July 2, 2021 Weekly Musings

Christine Alfery

Posted on July 01 2021

July 2, 2021 Weekly Musings


Posted June 28, 2021

Blue Bouquet was accepted into the 48th Annual Rocky Mountain National Watermedia exhibition, 2021.

Juror, Steve Griggs, was scrupulous in making his decisions, selecting only 65 pieces out of 485 submissions. The show will take place in person and hang in the Center for the Arts Evergreen gallery as it has for the last several years. In addition to the in-person show, we will be creating an online exhibition providing you an opportunity to “walk through” the exhibit virtually.



Greatness of the Forest

Posted June 28, 2021

Featured image: Pine Tree and Chickadee

When our minds don’t hear the


For the greatness of the


We lose something.


Christine's Wish

Posted June 29, 2021

Blog: Christine's Wish

Featured image: The Creative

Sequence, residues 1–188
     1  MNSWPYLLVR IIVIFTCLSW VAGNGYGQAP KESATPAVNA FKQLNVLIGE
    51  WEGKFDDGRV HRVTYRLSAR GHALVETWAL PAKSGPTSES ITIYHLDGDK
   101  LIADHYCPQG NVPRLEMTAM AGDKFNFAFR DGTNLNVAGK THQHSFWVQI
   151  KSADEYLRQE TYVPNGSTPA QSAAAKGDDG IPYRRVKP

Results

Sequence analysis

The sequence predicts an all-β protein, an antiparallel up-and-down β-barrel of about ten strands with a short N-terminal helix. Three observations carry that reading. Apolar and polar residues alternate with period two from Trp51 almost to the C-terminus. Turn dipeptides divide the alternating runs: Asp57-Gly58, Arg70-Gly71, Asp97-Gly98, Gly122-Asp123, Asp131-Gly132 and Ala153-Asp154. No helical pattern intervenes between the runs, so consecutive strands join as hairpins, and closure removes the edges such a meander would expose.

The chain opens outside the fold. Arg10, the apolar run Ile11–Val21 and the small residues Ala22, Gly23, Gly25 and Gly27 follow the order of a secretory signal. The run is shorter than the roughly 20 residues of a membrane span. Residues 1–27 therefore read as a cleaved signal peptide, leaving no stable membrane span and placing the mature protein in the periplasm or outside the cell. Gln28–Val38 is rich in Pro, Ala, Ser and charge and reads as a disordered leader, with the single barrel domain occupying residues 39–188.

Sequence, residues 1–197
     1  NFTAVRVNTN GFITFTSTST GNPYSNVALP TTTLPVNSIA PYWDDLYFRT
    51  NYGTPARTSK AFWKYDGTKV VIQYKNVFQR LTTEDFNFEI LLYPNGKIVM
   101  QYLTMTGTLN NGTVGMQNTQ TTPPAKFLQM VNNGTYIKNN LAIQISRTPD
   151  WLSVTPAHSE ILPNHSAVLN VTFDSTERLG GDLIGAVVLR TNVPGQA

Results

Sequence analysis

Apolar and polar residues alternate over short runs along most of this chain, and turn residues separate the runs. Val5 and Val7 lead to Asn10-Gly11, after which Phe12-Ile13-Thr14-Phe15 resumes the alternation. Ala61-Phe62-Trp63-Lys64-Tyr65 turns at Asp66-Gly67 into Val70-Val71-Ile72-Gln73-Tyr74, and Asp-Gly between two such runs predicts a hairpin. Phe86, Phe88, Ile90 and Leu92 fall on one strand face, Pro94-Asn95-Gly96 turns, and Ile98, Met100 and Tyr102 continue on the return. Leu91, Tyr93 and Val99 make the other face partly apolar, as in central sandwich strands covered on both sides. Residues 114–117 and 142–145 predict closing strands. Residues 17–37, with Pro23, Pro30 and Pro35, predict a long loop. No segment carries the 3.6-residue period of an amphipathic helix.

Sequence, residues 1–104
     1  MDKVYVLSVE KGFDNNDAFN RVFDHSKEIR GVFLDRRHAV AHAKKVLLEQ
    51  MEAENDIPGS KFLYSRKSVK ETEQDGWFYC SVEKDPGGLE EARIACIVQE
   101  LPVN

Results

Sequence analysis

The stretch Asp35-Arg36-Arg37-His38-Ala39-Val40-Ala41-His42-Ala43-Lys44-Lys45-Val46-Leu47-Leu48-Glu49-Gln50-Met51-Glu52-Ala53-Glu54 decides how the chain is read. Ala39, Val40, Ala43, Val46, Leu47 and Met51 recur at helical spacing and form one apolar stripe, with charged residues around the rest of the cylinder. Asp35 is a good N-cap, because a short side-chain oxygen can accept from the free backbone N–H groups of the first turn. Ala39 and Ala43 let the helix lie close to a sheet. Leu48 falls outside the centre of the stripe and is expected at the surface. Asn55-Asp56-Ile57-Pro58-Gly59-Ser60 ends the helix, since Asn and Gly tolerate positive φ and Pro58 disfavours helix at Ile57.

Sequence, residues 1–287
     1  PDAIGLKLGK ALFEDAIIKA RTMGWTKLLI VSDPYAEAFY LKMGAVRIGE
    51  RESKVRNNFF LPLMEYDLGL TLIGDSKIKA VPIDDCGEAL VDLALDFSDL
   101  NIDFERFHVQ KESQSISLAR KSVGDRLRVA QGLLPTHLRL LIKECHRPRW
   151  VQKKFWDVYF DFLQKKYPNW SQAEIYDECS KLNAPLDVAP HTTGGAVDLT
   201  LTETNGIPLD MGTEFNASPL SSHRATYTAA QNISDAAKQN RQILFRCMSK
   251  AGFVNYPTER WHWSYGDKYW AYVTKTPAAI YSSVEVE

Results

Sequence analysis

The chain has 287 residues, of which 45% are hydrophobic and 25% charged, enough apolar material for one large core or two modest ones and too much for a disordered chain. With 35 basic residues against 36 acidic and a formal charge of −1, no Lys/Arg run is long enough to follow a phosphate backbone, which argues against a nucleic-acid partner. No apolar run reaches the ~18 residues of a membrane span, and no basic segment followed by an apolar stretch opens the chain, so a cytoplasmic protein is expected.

There are not many people who understand the artist and the work that they do. I have been an artist for as long as I can remember. If I am pressured for a time frame, I tell them, "Kindergarten is the first memory I have of totally enjoying the flow of paint and color." What has been the driver of this love for creating? I paint for myself. It is my way of using my mind. I also paint for viewers' understanding so they know the reason why I create. They can only know that because they too use their mind to view the work. They view it for themselves. I paint, and when a viewer appreciates my work, I can feel that their appreciation comes from this understanding. That is the understanding that comes from the conscious judgement of the mind. Their mind, like mine, is able to judge my work by the same standards and values that went into me creating the work. They judge by the values, originality, one-of-a-kindness, freedom and independence.